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   Chapter 5 CONTRASTS

The Man-Made World; Or, Our Androcentric Culture By Charlotte Perkins Gilman Characters: 23486

Updated: 2017-12-01 00:02

Old England thinks our country

Is a wilderness at best-

And small New England thinks the same

Of the large free-minded West.

Some people know the good old way

Is the only way to do,

And find there must be something wrong

In anything that's new.

To Vivian the new life offered a stimulus, a sense of stir and promise even beyond her expectations. She wrote dutiful letters to her mother, trying to describe the difference between this mountain town and Bainville, but found the New England viewpoint an insurmountable obstacle.

To Bainville "Out West" was a large blank space on the map, and the blank space in the mind which matched it was but sparsely dotted with a few disconnected ideas such as "cowboy," "blizzard," "prairie fire," "tornado," "border ruffian," and the like.

The girl's painstaking description of the spreading, vigorous young town, with its fine, modern buildings, its banks and stores and theatres, its country club and parks, its pleasant social life, made small impression on the Bainville mind. But the fact that Miss Elder's venture was successful from the first did impress old acquaintances, and Mrs. Lane read aloud to selected visitors her daughter's accounts of their new and agreeable friends. Nothing was said of "chaps," "sombreros," or "shooting up the town," however, and therein a distinct sense of loss was felt.

Much of what was passing in Vivian's mind she could not make clear to her mother had she wished to. The daily presence and very friendly advances of so many men, mostly young and all polite (with the exception of Dr. Hale, whose indifference was almost rude by contrast), gave a new life and color to the days.

She could not help giving some thought to this varied assortment, and the carefully preserved image of Morton, already nine years dim, waxed dimmer. But she had a vague consciousness of being untrue to her ideals, or to Mrs. St. Cloud's ideals, now somewhat discredited, and did not readily give herself up to the cheerful attractiveness of the position.

Susie found no such difficulty. Her ideals were simple, and while quite within the bounds of decorum, left her plenty of room for amusement. So popular did she become, so constantly in demand for rides and walks and oft-recurring dances, that Vivian felt called upon to give elder sisterly advice.

But Miss Susan scouted her admonitions.

"Why shouldn't I have a good time?" she said. "Think how we grew up! Half a dozen boys to twenty girls, and when there was anything to go to-the lordly way they'd pick and choose! And after all our efforts and machinations most of us had to dance with each other. And the quarrels we had! Here they stand around three deep asking for dances-and they have to dance with each other, and they do the quarreling. I've heard 'em." And Sue giggled delightedly.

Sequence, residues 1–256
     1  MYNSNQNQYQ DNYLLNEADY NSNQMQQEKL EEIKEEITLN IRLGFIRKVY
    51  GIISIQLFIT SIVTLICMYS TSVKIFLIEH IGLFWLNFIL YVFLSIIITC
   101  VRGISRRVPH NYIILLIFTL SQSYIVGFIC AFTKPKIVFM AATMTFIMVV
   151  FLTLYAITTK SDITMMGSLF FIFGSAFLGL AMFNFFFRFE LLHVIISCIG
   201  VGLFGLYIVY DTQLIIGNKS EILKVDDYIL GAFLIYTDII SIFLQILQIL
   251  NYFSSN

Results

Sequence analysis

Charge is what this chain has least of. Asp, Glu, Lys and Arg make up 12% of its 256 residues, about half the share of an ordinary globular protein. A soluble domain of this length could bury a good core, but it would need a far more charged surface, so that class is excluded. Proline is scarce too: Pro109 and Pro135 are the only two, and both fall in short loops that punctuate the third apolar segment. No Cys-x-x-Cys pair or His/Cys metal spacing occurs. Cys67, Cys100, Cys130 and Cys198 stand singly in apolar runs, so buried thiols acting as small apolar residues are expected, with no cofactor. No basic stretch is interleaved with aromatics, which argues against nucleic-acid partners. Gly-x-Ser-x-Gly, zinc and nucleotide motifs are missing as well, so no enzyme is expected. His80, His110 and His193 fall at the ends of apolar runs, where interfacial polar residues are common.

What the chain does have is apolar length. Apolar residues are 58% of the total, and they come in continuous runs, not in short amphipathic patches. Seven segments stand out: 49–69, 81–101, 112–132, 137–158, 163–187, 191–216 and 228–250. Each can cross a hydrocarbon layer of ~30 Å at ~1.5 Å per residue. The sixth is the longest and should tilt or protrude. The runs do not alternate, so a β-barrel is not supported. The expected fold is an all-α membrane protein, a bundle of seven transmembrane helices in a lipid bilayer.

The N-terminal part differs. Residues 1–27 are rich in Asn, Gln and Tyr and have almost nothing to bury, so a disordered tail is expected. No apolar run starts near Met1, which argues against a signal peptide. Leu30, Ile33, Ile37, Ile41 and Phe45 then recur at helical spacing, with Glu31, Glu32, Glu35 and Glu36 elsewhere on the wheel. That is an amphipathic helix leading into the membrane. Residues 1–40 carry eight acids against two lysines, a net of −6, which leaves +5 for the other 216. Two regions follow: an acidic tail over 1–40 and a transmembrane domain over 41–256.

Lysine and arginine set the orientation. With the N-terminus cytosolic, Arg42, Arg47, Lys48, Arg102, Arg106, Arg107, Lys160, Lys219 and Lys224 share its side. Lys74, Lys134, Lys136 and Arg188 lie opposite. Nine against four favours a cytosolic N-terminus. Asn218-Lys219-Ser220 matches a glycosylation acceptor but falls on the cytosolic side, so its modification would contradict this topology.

"There's no reason we shouldn't enjoy ourselves, Susie, of course, but aren't you-rather hard on them?"

"Oh, nonsense!" Sue protested. "Dr. Bellair said I should get married out here! She says the same old thing-that it's 'a woman's duty,' and I propose to do it. That is-they'll propose, and I won't do it! Not till I make up my mind. Now see how you like this!"

She had taken a fine large block of "legal cap" and set down their fifteen men thereon, with casual comment.

1. Mr. Unwin-Too old, big, quiet.

2. Mr. Elmer Skee-Big, too old, funny.

3. Jimmy Saunders-Middle-sized, amusing, nice.

4. P. R. Gibbs-Too little, too thin, too cocky.

5. George Waterson-Middling, pretty nice.

6. J. J. Cuthbert-Big, horrid.

7. Fordham Greer-Big, pleasant.

8. W. S. Horton-Nothing much.

9. A. L. Dykeman-Interesting, too old.

10. Professor Toomey-Little, horrid.

11. Arthur Fitzwilliam-Ridiculous, too young.

12. Howard Winchester-Too nice, distrust him.

13. Lawson W. Briggs-Nothing much.

14. Edward S. Jenks-Fair to middling.

15. Mr. A. Smith-Minus.

She held it up in triumph. "I got 'em all out of the book-quite correct. Now, which'll you have."

"Susie Elder! You little goose! Do you imagine that all these fifteen men are going to propose to you?"

"I'm sure I hope so!" said the cheerful damsel. "We've only been settled a fortnight and one of 'em has already!"

Vivian was impressed at once. "Which?-You don't mean it!"

Sue pointed to the one marked "minus."

"It was only 'A. Smith.' I never should be willing to belong to 'A. Smith,' it's too indefinite-unless it was a last resort. Several more are-well, extremely friendly! Now don't look so severe. You needn't worry about me. I'm not quite so foolish as I talk, you know."